Power sector dependent on private companies
Md Joynal Abedin Khan: The nation has become dependent on private sector for generating power, building transmission center and distributing hubs to maintain electricity throughout the country causing fear to create crisis in future.
The companies have already showed that private sector has 54.35 percent contribution on power generation after the government’s approval for dealing power plants by the private sector and the Independent Power Producers (IPPs) since 1996 while 45.65 percent produced by state-owned power plants, said the official sources of Power Development Board (PDB).
Even the alone Summit Power Limited (SPL) played a major role of power generation with around 21 percent contribution of total electricity in last few years, they said.
The total power generation capacity of 137 public-private power plants is 19,000 megawatt (MW). Of these, 80 private power plants have generation capacity of 9,000 MW. Another 28 private power plant are under contraction and 12 plants are waiting for approval, while 18 public sector power plants are under construction, those generations capacity is 8,900 MW.
The nation’s access to electricity also increased by 92 percent with the rise in power production and the number of total electricity consumers is rose around 32.3 million this year, they said.
According to the latest statistics prepared by the Power Division, the country’s total power generation capacity stood at 20,343 MW, of which 11,057 MW came from private sector, while 9,286 MW came from public units.
As per the latest annual report of the PDB, which was published recently, showed the government spent Tk 7,565 crore to purchase power from IPPs. Out of that amount, Tk 2,069.71 crore went to Summit Meghnaghat plant’s coffer alone, according to them.
The power generated by the private companies witnessed that a substantial growth of electricity was completed in one decade and the private sector might have created a ‘hostage position’ by the power supplying groups in the near future if government fail to control the rein of private companies, said experts.
If the government will not aware about the dependency for power on private sector then the companies may raise the price of electricity ignoring order of the authorities concerned. They can seek financial stimulation support, more subsidies and other lucrative facilities, they said.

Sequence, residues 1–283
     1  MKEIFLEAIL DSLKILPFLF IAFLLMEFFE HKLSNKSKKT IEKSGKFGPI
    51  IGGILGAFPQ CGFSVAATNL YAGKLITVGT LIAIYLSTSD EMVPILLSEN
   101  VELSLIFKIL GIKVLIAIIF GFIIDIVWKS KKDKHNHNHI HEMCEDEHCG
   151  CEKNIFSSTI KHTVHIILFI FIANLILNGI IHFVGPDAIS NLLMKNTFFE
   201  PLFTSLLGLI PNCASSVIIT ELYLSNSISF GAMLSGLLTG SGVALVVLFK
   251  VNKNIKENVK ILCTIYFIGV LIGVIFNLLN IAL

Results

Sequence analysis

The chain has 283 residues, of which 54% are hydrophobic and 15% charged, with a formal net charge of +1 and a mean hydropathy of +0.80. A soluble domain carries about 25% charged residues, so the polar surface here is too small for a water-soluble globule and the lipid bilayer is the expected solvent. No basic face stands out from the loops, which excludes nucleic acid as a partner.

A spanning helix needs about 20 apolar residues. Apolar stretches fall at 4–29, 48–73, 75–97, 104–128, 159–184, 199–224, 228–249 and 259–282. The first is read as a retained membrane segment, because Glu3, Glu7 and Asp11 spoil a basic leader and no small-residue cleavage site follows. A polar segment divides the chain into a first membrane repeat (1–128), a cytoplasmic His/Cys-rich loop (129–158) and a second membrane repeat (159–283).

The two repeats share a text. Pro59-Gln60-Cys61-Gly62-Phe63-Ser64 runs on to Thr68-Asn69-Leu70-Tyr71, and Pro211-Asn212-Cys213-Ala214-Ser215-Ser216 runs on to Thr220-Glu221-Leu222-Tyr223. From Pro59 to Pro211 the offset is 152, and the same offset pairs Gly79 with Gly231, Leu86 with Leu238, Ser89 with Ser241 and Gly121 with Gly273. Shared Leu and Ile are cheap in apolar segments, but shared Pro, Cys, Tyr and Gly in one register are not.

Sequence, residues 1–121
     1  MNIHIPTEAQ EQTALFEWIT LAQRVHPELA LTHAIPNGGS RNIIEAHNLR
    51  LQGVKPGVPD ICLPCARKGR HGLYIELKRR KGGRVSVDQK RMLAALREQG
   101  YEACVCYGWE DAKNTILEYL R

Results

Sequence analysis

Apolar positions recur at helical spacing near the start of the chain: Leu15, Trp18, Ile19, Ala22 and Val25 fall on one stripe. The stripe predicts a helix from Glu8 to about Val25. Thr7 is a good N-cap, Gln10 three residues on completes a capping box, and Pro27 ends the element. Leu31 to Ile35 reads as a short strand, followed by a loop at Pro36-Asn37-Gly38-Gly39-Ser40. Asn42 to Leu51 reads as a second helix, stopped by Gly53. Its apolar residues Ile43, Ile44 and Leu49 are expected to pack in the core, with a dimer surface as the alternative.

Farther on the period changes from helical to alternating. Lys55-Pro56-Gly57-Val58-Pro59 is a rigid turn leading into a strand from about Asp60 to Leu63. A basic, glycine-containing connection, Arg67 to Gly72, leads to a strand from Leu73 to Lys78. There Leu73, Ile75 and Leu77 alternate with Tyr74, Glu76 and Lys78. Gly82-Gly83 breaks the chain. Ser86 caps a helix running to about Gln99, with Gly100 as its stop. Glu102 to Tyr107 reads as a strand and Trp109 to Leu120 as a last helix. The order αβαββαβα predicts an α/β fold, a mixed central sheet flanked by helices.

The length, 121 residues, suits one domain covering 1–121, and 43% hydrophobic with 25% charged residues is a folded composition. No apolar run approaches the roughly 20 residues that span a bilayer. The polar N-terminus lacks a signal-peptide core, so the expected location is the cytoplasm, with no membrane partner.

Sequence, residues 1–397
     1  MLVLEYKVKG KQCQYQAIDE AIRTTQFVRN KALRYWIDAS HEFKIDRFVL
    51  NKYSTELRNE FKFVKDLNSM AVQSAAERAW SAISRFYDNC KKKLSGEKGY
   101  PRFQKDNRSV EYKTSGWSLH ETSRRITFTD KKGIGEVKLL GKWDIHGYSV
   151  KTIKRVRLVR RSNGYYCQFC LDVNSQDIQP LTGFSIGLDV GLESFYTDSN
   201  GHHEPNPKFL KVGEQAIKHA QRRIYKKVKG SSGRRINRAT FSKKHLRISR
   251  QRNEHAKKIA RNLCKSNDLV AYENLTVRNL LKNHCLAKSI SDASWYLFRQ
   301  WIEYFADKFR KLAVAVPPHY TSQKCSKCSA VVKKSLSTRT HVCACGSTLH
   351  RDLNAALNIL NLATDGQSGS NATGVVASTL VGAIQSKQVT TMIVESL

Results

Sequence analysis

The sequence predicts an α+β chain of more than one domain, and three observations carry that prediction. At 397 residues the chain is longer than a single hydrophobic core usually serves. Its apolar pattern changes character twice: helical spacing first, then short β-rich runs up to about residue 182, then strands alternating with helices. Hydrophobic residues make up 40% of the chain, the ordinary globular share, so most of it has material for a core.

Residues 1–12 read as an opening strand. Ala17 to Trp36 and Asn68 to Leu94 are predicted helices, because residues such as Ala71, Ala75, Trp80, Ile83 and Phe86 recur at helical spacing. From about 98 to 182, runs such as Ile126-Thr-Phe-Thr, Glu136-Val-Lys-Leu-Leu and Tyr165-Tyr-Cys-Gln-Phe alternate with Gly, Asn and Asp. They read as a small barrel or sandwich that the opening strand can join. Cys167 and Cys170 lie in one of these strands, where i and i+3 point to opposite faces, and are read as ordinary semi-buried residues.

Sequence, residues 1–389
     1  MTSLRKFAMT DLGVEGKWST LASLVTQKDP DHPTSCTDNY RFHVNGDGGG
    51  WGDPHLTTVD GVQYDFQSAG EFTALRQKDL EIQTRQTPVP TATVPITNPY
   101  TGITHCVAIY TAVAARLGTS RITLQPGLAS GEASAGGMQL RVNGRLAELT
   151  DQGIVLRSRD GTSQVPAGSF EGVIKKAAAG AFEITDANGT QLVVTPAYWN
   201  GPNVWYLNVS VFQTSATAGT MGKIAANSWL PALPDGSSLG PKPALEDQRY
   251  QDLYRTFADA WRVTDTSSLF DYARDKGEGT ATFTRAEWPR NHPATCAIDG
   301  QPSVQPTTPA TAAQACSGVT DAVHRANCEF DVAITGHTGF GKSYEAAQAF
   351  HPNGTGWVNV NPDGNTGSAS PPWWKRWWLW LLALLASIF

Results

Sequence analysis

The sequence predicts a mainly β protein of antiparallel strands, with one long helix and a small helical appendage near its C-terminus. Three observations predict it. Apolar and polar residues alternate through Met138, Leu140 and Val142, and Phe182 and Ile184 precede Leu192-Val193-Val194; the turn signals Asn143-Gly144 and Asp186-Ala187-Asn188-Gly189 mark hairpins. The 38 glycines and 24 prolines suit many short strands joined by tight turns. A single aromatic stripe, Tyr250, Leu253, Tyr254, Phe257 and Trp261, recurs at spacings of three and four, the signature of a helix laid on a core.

Professor Dr M Shamsul Alam, Energy Advisor to the Consumers Association of Bangladesh (CAB), said there is no reason for renewing the contract for these plants as a good number of power plants owners withdrawn government subsidies to generate a single unit of electricity.
“Payment of capacity charges to power plants is a growing expenditure for PDB, particularly for rising unused and under-utilisation of capacity. As a result , the budget for fiscal 2020-21 has allocated Tk 24,853 crore to the power division, which is 4.9 percent higher than the revised budget for fiscal year 2019-20,” said Khondaker Golam Moazzem, Research Director of the CPD.
The government is rightfully investing in distribution and transmission systems as the coronavirus pandemic has shown that modernisation of the systems is very important, said M Tamim, a Professor of Petroleum and Mineral Resources Engineering of Bangladesh University of engineering and Technology (BUET).
“Summit Power Limited (SPL) has over 21 years of experience in the power sector. It owns and operates power plants having a total installed capacity of 976 MW,” SPL Chairman Muhammed Aziz Khan said.
State Minister for Power, Energy and Mineral Resources Nasrul Hamid stated in the National Parliament that the government provided Tk 52,260 crore (522.60 billion) subsidy to power sector in the last 10 years. He also informed that the average cost of per unit electricity generation costs for both public and private sectors was Tk 13-14 (based on furnace oil), Tk 25.30 (based on diesel) and Tk 2.5-3.0 (based on natural gas).
The government provided Tk 51,157 crore was withdrawn by some private companies without generating a single unit of electricity in the same time, the minister said.
Imran Karim, Vice-President of Bangladesh Independent Power Producers Association (BIPPA), said, “Without a strong support from the state, it was not possible for the private sector producers to reach the milestone of power generation.”
As per the latest Power System Master Plan 2016, the government envisioned to generate 24,000MW of electricity by 2021, 40,000 MW by 2030, and 60,000 MW by 2041.